Continuing our series on sugar, it is important to see where it might be hiding on our cupboard shelves. To start, and high glycemic food is going to turn quickly into sugar in our bloodstream anyway, but we need to start somewhere, so looking purely at sugar is a good place to start. Unfortunately, FDA guidelines have not yet caught up with our need to know the difference between added sugar and natural sugar in our foods, but there are ways to figure it out.
Reading the back of the package is the quickest and easiest way to determine the amount of sugar hiding in your foods, but it is not the only factor to consider. Manufacturers have answered the cry for lower sugar foods by placing artificial sweeteners in our foods to lower the numbers on the boxes, so look carefully.
Here are the best guidelines for understanding the sugar labels on your foods:
LOOK FOR ALTERNATIVE NAMES FOR SUGAR. These other “natural sweeteners” raise the blood sugar just as quickly as table sugar, so don’t be fooled just because they have different names.
- Agave nectar
- Barley malt
- Brown rice syrup
- Cane sugar
- Crystaline fructose
- Hydrolyzed corn starch
A quick note on High Fructose Corn Syrup. There has been so much in the media about this, but the truth is that HFCS is only 5% difference in fructose content than table sugar. Yes, avoiding it is a good idea, but cutting down on all forms of sugar is equally important. Many companies have switched from HFCS and pasted it all over the fronts of their packages for marketing while simply switching to another, more fancy name for sugar.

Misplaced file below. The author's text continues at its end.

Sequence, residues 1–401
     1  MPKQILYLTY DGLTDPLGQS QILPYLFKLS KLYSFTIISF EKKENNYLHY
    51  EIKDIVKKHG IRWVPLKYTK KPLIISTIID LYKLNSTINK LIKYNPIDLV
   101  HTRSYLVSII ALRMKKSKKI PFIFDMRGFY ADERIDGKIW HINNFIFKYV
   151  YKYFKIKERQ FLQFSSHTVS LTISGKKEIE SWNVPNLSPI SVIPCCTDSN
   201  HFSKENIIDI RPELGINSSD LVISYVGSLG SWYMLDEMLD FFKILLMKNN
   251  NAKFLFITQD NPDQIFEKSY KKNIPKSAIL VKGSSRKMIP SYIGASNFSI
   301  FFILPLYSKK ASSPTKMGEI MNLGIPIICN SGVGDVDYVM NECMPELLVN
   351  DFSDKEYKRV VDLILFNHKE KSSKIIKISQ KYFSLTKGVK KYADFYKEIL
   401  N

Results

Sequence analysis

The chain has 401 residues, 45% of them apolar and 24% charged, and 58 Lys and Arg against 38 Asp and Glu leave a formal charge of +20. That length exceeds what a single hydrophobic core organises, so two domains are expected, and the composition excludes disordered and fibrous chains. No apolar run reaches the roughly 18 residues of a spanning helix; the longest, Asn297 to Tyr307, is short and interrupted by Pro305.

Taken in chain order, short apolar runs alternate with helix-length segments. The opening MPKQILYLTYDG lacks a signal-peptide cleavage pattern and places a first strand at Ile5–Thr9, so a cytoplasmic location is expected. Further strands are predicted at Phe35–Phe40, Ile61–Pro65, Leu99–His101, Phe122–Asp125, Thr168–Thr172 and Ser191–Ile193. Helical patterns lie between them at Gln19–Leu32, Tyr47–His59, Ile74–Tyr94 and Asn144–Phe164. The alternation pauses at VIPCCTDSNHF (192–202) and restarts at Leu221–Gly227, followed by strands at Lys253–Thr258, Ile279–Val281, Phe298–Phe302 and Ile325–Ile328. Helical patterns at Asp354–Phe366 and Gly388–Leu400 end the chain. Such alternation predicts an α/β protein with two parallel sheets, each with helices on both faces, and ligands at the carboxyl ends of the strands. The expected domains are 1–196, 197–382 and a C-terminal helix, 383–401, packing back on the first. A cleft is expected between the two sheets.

LOOK FOR ALTERNATIVE SWEETENERS THAT MAY BE LOWERING THE SUGAR CONTENT. Most of these are artificial sweeteners that come with their own health risks. Some are natural, but come with the side effect of intestinal discomfort and gas.
- Acesulfame K
- Sucralose (often found in Fiber One cereals and even some of the “high fiber” Thomas’ English Muffins!
- Inulin (may be listed as chicory root fiber) – not necessarily bad for you, but can cause gas in large quantities or those who are sensitive.
Bars are the biggest culprit of added sugar, with the average about 12 grams per bar (2.2 teaspoons added sugar). Most of these bars have some type of additional artificial sweetener or sugar alcohol that is added to enhance the sweetness and keep the sugar content down even to that level. Choose your bars VERY CAREFULLY if you must eat them. Food in its whole form is ALWAYS better.
STEP(S) FOR THIS WEEK:
- Look at the packaged foods in your pantry. Try comparing them to a Krispy Kreme donut which has 10 grams. Look for the ingredients listed above that might be added to your foods to make them look like they are “lower sugar.” Aim to find whole food solutions to your sweet fix. Baked fruit with cinnamon is an amazing alternative! Be creative with your food.